Referenced by
Citing PatentFiling datePublication dateApplicantTitle
US7037746 *Dec 27, 2004May 2, 2006General Electric CompanyCapacitive micromachined ultrasound transducer fabricated with epitaxial silicon membrane
US7274623 *Mar 30, 2005Sep 25, 2007Board Of Trustees Of The Deland Stanford Junior UniversityMethod and system for operating capacitive membrane ultrasonic transducers
US7305883Oct 4, 2006Dec 11, 2007The Board Of Trustees Of The Leland Stanford Junior UniversityChemical micromachined microsensors
US7612483Feb 28, 2005Nov 3, 2009Georgia Tech Research CorporationHarmonic cMUT devices and fabrication methods
US7646133Mar 11, 2005Jan 12, 2010Georgia Tech Research CorporationAsymmetric membrane cMUT devices and fabrication methods
US7745973Apr 23, 2007Jun 29, 2010The Board Of Trustees Of The Leland Stanford Junior UniversityAcoustic crosstalk reduction for capacitive micromachined ultrasonic transducers in immersion
US7839722Sep 20, 2007Nov 23, 2010Siemens Medical Solutions Usa, Inc.Microfabricated acoustic transducer with a multilayer electrode
US7982369 *Feb 4, 2009Jul 19, 2011Kabushiki Kaisha ToshibaUltrasonic probe and ultrasonic diagnostic apparatus
US8008835Feb 28, 2005Aug 30, 2011Georgia Tech Research CorporationMultiple element electrode cMUT devices and fabrication methods
US8014231 *Sep 25, 2008Sep 6, 2011Siemens Medical Solutions Usa, Inc.Digital capacitive membrane transducer
US8076821Jun 30, 2010Dec 13, 2011Georgia Tech Research CorporationMultiple element electrode cMUT devices and fabrication methods
US8110963 *Dec 15, 2009Feb 7, 2012Seiko Epson CorporationUltrasonic transducer, ultrasonic transducer array, and ultrasonic device
US8133182 *Sep 9, 2008Mar 13, 2012Siemens Medical Solutions Usa, Inc.Multi-dimensional transducer array and beamforming for ultrasound imaging
US8203912Jul 31, 2008Jun 19, 2012Koninklijke Philips Electronics N.V.CMUTs with a high-k dielectric
US8344595Dec 28, 2011Jan 1, 2013Seiko Epson CorporationUltrasonic transducer, ultrasonic transducer array, and ultrasonic device
US8372011 *Jan 11, 2010Feb 12, 2013Georgia Tech Research CorporationAsymmetric membrane cMUT devices and fabrication methods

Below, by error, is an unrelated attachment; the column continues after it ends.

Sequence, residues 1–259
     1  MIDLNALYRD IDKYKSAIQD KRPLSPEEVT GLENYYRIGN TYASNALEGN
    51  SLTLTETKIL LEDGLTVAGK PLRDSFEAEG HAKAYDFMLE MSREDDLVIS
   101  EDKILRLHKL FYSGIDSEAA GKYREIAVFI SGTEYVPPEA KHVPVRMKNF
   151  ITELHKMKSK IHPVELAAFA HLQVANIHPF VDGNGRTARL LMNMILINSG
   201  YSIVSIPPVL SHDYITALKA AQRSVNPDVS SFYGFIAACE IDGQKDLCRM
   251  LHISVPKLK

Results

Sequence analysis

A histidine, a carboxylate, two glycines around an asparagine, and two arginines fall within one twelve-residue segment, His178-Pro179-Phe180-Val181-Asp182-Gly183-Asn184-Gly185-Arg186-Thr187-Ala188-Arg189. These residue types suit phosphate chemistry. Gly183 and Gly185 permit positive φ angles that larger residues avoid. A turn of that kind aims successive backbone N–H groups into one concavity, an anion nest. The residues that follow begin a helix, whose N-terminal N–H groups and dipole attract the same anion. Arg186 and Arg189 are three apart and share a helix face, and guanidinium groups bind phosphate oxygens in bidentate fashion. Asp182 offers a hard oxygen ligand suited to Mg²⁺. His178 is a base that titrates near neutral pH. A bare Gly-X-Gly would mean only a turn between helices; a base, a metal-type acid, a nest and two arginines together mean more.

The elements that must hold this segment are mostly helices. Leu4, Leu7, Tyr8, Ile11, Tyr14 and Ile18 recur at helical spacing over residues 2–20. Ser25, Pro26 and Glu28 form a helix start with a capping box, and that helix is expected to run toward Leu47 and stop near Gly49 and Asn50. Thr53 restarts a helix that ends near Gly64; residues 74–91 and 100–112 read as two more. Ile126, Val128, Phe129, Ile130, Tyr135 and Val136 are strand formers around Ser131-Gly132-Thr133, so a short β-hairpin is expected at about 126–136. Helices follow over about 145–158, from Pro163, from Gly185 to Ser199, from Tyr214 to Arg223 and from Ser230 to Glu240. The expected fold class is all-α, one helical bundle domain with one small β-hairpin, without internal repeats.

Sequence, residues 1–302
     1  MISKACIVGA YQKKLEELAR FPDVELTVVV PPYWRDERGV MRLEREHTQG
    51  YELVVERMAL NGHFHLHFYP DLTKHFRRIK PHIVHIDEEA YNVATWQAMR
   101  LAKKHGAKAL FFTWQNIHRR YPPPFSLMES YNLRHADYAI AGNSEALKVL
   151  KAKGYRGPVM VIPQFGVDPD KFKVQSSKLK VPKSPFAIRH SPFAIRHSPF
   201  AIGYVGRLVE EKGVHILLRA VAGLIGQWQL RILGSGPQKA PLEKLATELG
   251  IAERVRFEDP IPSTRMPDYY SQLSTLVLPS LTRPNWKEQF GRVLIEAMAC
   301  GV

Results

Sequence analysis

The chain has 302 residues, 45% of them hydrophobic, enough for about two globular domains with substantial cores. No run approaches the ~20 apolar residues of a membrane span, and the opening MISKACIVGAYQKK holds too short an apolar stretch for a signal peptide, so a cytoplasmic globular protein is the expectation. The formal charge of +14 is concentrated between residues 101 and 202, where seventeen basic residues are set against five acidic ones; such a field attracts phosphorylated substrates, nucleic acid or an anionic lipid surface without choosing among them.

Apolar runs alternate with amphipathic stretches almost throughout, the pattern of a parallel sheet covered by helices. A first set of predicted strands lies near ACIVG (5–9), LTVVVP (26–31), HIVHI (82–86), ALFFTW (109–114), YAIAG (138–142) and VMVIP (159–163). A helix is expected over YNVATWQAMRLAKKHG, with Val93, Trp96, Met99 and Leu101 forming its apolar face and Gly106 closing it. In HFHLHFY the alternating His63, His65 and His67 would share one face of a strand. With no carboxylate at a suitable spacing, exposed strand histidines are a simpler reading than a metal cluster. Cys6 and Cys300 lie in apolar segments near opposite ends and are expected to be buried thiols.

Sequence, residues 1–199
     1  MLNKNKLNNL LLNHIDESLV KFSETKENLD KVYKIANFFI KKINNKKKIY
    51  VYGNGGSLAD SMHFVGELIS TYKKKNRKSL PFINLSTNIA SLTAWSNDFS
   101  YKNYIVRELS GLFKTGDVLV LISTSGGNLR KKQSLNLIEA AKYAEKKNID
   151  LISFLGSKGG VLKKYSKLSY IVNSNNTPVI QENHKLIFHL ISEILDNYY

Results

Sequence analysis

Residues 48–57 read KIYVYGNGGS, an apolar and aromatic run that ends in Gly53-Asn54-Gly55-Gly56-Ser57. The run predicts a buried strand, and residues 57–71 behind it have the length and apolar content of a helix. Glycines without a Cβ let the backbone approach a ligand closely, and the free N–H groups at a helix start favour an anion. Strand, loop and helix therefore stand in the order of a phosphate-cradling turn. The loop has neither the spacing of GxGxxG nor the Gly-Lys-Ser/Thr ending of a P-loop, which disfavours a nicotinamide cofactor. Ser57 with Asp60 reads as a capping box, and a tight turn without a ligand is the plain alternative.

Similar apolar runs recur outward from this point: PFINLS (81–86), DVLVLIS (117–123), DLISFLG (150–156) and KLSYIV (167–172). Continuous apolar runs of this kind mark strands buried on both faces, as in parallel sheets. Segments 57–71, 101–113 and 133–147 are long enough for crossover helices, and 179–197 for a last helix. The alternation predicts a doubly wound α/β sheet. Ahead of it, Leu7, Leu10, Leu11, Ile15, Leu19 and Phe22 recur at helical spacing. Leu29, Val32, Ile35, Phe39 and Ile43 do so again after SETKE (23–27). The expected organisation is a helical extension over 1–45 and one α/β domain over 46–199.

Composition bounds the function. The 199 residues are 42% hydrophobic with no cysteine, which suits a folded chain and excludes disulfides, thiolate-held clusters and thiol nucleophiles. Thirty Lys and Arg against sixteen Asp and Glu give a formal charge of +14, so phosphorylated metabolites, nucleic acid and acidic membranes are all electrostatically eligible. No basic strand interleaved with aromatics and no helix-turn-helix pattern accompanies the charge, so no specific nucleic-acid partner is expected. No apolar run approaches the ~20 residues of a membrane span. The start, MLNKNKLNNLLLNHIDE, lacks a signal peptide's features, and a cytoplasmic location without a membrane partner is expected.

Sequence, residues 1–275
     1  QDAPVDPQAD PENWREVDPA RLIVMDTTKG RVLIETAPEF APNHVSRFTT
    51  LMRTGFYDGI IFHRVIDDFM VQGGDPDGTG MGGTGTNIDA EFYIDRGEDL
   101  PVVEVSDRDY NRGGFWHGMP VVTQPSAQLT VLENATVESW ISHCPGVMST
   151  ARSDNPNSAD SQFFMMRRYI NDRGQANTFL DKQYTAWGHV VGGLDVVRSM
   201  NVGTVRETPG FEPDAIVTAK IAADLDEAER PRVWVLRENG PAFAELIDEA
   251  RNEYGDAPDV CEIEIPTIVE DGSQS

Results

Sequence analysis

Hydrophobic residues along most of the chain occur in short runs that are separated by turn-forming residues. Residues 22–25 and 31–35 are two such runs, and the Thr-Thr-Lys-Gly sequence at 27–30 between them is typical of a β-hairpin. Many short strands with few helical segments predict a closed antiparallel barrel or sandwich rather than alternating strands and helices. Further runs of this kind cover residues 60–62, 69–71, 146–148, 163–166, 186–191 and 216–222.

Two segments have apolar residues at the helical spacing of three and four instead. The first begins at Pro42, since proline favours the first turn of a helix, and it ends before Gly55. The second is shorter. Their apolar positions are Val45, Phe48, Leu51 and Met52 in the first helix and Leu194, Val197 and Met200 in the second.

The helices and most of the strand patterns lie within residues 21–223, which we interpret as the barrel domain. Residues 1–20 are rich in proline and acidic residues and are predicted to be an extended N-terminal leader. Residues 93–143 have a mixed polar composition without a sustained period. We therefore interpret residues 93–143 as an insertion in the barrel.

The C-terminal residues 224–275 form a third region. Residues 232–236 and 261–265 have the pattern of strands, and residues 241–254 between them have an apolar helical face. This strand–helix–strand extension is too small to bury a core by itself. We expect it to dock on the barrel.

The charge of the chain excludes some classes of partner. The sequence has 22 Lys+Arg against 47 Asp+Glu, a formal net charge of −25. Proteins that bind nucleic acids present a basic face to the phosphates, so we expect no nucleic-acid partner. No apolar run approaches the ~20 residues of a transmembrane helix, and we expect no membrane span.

US8398554Nov 1, 2009Mar 19, 2013Georgia Tech Research CorporationHarmonic cMUT devices and fabrication methods
US8410659Sep 19, 2008Apr 2, 2013Canon Kabushiki KaishaElectromechanical transducer and manufacturing method therefor
US8517948 *Oct 25, 2006Aug 27, 2013Hitachi Medical CorporationUltrasound diagnostic apparatus and method of calibrating the same
US8531919Sep 20, 2010Sep 10, 2013The Hong Kong Polytechnic UniversityFlexible capacitive micromachined ultrasonic transducer array with increased effective capacitance
US8617078Jan 25, 2011Dec 31, 2013Hitachi Medical CorporationUltrasonic transducer and ultrasonic diagnostic device using same
US8664830Nov 26, 2012Mar 4, 2014Seiko Epson CorporationUltrasonic device
US8727994Jun 24, 2011May 20, 2014Samsung Electronics Co., Ltd.Cell and channel of ultrasonic transducer, and ultrasonic transducer including the same
US8858447 *Aug 7, 2012Oct 14, 2014Samsung Electronics Co., Ltd.Ultrasonic transducer and method of manufacturing the same
US20100063397 *Sep 9, 2008Mar 11, 2010Paul WagnerMulti-dimensional transducer array and beamforming for ultrasound imaging
US20110060255 *Feb 27, 2009Mar 10, 2011Stc.UnmTherapeutic ultrasound transducer chip with integrated ultrasound imager and methods of making and using the same
US20110062535 *May 7, 2009Mar 17, 2011Mcmullen Robert ErrolMems transducers
US20120103096 *Oct 11, 2011May 3, 2012Canon Kabushiki KaishaCapacitive electromechanical transducer
US20120210794 *Feb 10, 2012Aug 23, 2012Fraunhofer-Gesellschaft Zur Foerderung Der Angewandten Forschung E.V.Sensor device and method
US20130049526 *Aug 7, 2012Feb 28, 2013Samsung Electronics Co., Ltd.Ultrasonic transducer and method of manufacturing the same
EP2254476A2 *Feb 27, 2009Dec 1, 2010Stc.UnmTherapeutic ultrasound transducer chip with integrated ultrasound imager and methods of making and using the same
WO2006031726A2 *Sep 12, 2005Mar 23, 2006Baris BayramMethod and system for operating capacitive membrane ultrasonic transducers
WO2007044482A2 *Oct 5, 2006Apr 19, 2007James K GimzewskiChemical micromachined microsensors
WO2009016606A2 *Jul 31, 2008Feb 5, 2009Koninkl Philips Electronics NvCmuts with a high-k dielectric
WO2009037655A2Sep 17, 2008Mar 26, 2009Koninkl Philips Electronics NvProduction of pre-collapsed capacitive micro-machined ultrasonic transducers and applications thereof
WO2009041675A1 *Sep 19, 2008Apr 2, 2009Canon KkElectrostatic transducer and manufacturing method therefor
WO2010097729A1 *Feb 10, 2010Sep 2, 2010Koninklijke Philips Electronics, N.V.Pre-collapsed cmut with mechanical collapse retention
WO2010146136A1 *Jun 17, 2010Dec 23, 2010Sonovia LtdDual-frequency ultrasound transducer
WO2011032520A1 *Sep 21, 2010Mar 24, 2011The Hong Kong Polytechnic UniversityFlexible capacitive micromachined ultrasonic transducer array with increased effective capacitance
WO2011070729A1 *Nov 16, 2010Jun 16, 2011Canon Kabushiki KaishaControl apparatus for capacitive electromechanical transducer, and method of controlling the capacitive electromechanical transducer
WO2012014010A1Jul 26, 2010Feb 2, 2012Selim OlcumSystem and method for operating capacitive micromachined ultrasonic transducers
WO2012140556A2 *Apr 6, 2012Oct 18, 2012Koninklijke Philips Electronics N.V.Temperature compensation in a cmut device
Classifications
U.S. Classification310/334
International ClassificationH01L41/04, H02N2/00, B06B1/02
Cooperative ClassificationB06B1/0292, G01N29/2406
European ClassificationG01N29/24A, B06B1/02E
Legal Events
DateCodeEventDescription
Apr 21, 2005ASAssignment
Owner name: GEORGIA TECH RESEARCH CORPORATION, GEORGIA
Free format text: ASSIGNMENT OF ASSIGNORS INTEREST;ASSIGNOR:DEGERTEKIN, F. LEVENT;REEL/FRAME:015926/0108
Effective date: 20050228